It's not hard to stumble onto fantasy baseball advice on the web these days, for free or for a cost. And to be blunt, there's a lot of loose advice out there. It's easy to get tricked by the old correlation-causation thing; just because someone used XYZ Strategy last year and won a league does not mean XYZ Strategy is a sound idea. Heck, just about any strategy can work if you pick (or stumble onto) the right players.
That all established, I do have a set of strategic principles that have served me well over the years, and I'll be sharing them a few times a week as we get ready for draft and auction season. Maybe they'll help you, maybe they won't. Maybe they'll appeal to you, maybe they won't. Maybe you'll let us know why your XYZ Strategy is better than my ABC Strategy. Consider this an open ticket to discuss the theory of the game.
When it comes to fantasy drafts versus fantasy auctions, I don't think there's any room for debate. Auctions are more detailed, more interesting, more fair, and considerably more challenging. We're comparing chess to checkers.
Auction strategy has many tiers to it, and today we'll look at one simple but critical concept. Whenever possible, save some money for the endgame. Specifically, do not paint yourself into a corner where your maximum bid is $1 (or the league minimum).
A lot of rotoheads shrug off the $1 burden for the endgame. "It's just a draft at the end, anyway, no one has any leverage," they say.
True, most actions do eventually get to that point. But before the last of the overbid money is sucked up, consider the hand you're dealing with if you're out of extra cash while some of your opponents still have a slush fund:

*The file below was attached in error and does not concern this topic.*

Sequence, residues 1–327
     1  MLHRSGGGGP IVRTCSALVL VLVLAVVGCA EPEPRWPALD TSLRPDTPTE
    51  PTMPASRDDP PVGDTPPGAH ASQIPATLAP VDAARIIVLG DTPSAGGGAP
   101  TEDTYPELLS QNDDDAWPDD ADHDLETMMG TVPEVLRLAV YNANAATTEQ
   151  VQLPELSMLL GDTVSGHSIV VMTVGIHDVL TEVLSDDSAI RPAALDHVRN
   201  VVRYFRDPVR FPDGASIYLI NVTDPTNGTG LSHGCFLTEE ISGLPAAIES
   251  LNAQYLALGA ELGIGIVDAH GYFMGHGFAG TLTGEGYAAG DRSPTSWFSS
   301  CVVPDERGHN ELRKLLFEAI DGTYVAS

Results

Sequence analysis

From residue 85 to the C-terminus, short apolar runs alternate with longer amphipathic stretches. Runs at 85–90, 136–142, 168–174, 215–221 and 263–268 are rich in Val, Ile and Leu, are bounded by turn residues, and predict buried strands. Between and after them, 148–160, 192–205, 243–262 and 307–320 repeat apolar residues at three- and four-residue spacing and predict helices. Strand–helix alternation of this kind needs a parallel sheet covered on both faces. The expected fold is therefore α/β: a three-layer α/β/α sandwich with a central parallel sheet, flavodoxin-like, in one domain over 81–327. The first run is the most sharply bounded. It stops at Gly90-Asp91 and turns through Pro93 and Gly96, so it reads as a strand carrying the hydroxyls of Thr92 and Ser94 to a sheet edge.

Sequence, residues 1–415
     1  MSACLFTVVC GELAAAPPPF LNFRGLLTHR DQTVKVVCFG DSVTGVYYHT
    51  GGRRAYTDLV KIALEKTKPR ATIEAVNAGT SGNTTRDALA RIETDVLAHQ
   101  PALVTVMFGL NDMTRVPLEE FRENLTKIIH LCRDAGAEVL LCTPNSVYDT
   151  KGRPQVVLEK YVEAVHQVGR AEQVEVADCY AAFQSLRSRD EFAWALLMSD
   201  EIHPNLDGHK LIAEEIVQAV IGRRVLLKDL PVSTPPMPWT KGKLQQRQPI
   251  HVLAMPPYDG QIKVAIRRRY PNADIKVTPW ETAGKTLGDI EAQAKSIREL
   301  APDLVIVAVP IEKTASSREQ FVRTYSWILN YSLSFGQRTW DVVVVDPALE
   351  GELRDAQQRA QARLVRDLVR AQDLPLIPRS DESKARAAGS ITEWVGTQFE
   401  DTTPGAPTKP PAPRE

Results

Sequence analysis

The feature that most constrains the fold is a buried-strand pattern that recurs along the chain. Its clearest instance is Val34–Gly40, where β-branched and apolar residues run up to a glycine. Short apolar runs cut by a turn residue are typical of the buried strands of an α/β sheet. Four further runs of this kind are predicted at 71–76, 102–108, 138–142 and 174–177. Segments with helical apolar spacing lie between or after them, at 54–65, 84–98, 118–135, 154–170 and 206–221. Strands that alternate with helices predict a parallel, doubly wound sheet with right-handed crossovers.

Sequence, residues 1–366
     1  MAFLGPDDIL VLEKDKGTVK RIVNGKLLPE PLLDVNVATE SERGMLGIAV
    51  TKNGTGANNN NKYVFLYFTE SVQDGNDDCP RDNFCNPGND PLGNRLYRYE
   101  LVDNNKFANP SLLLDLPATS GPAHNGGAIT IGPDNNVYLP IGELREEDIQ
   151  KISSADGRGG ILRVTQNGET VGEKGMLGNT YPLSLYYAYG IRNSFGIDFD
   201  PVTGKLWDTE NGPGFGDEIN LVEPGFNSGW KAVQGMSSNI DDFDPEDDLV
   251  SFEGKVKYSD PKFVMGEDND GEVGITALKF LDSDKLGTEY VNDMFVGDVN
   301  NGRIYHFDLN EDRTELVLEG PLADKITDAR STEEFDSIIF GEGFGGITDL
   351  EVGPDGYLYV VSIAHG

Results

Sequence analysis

- You can't overbid anyone else for a player. You really don't matter except when it's your turn to name a player.
- If you name a player who's valuable, your bid is instantly trampled.
- If you call out a stiff, you're probably stuck with him.
- Now sit around and do nothing for another 8-10 minutes (while players you want go to your opponents).
The endgame is the only time where your nomination choice comes without any uncertainty. In the early part of the auction, no one really knows if you want the player you toss out there. At the end of the day, it's clear you want that name, especially once you're out of overbid funds. Don't handcuff yourself at this critical juncture. Have some leverage, keep some flexibility.
If you are pliable for the endgame, you'll accomplish two important goals. First and foremost, you'll have control for the end of the auction and you'll get a healthy share of the players you actually want. Second, you'll be done with the proceedings quicker than most, and don't blow off that point. As much fun as fantasy drafts and auctions can be, no one ever wished them any longer. Getting back to real life is a welcome thing. I don't know about you, but my draft/auction hangover (read: headache) is a harsh reality around hour three or four.
And while I have no data to back this up, I've always felt that the strongest rosters out of an auction are normally the teams that finish earliest. We can compare notes on this in the comments.
Bud Fox/Gordon Gekko image courtesy Associated Press